Excerpt of The Betrayal by Helen Dunmore
(Page 3 of 8)
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How the man is abasing himself. He will hate Andrei for it afterwards,
once all this is over. No one makes a better enemy than a man who has
had to beg for your help.
But perhaps Russov really has missed something. He's thorough, but
he goes by the book. It's also just conceivable that he's aware of this - that
he's not as self-satisfied as he always seems... In which case he might
be doing exactly what ought to be done in such a case: seeking a second
'You still haven't told me anything about this child,' says Andrei.
Another throat-clearing. Russov's hand strays to his jacket pocket,
where he keeps his cigarettes, and then falls to his side. His eyes stare
into Andrei's, but remain opaque.
'My thinking was that it would be best for you to come to the case
A rising breeze makes the lime trees shiver all over. Hold back, thinks
Andrei. Don't commit yourself. Not instantly, like this. He recognizes it
already as one of those moments that has the power to change everything.
Perhaps he won't be able to avoid it. If you put everything else aside,
there's still a sick child here, and he needs the best possible treatment.
What if Russov gets it wrong again?
But Andrei has Anna to think of, and Kolya.
Their faces rise up in his mind, oblivious. There's a knot of tiny lines
on Anna's forehead, but when she looks up and sees him that knot will
clear. And there is Kolya, tall and thin, narrow-shouldered because he
hasn't grown into his height yet. Kolya frowning at his homework, then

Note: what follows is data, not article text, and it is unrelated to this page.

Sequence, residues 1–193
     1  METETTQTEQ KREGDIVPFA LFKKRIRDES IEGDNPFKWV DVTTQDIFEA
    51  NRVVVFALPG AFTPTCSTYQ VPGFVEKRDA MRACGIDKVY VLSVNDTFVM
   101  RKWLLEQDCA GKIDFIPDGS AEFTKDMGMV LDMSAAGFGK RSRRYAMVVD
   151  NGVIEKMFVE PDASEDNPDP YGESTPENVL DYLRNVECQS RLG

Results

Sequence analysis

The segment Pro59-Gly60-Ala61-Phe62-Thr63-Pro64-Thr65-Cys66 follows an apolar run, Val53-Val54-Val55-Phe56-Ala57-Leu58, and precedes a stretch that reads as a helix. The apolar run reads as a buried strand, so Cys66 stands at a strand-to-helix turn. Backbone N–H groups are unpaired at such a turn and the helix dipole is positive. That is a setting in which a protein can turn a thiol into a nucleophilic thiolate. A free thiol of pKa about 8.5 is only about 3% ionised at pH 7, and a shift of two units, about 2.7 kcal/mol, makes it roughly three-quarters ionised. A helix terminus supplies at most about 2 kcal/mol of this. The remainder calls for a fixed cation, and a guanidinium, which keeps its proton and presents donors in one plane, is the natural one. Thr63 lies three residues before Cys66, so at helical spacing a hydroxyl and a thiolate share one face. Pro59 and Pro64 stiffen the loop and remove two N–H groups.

suddenly jumping up and crashing across the living room because he's
spotted a mouse under the table. Or claims he's spotted one - Kolya wants
a cat, and Anna isn't keen.
Kolya, lunging between child and man, and out of step with both.
Andrei's heart beats hard. Whatever happens, these two mustn't be
But Russov didn't want any of this, either. He's just a trapped, ordinary
man. Reasonably competent, reasonably conscientious. And now quite
'So, you'll see the boy?' asks Russov.
'Have you got the case notes with you?'
His colleague hesitates.
'It was just a preliminary examination, you understand. I've done no
tests. There's been no possibility of making any sort of diagnosis. The boy
was brought in last night with certain symptoms, that's all. By private
ambulance,' he adds, as if this hopelessly irrelevant detail will make up
for all the blanks.
In a flash, Andrei does understand. The bare minimum has been put
'But you must have ordered tests. You must have thought about what
would be needed.'
'I don't want to prejudice your own examination.'
Andrei feels himself recoil. Even here, out in the courtyard where
surely nobody can be listening, his so-called colleague won't talk. He's
studied hard all right, in the unwritten subject that runs through every
other course of study. Keep your tongue and your hands still, unless you
are absolutely sure that it's safe to move them. Don't take risks. Don't
stand out. Be anonymous and average; keep in step.
'It was Doctor B. I. Russov, of course, who made the initial examination and
first suggested the diagnosis that was later confirmed...' He'll do anything to
avoid that. Much better for Russov to be able to say: 'I asked a colleague - a
first-rate general paediatric physician and one of our finest diagnosticians - if
he would examine the patient. Dr Alekseyev has a particular interest in juvenile
arthritic disease, and given that my own caseload does not permit me to take the
special interest in this case which it requires, it seemed the best course of action
to hand over the case as soon as possible. Consistency of care, you understand,
is of the utmost importance.'
The Betrayal © 2010 by Helen Dunmore; reprinted with the permission of the publisher, Grove/Atlantic, Inc.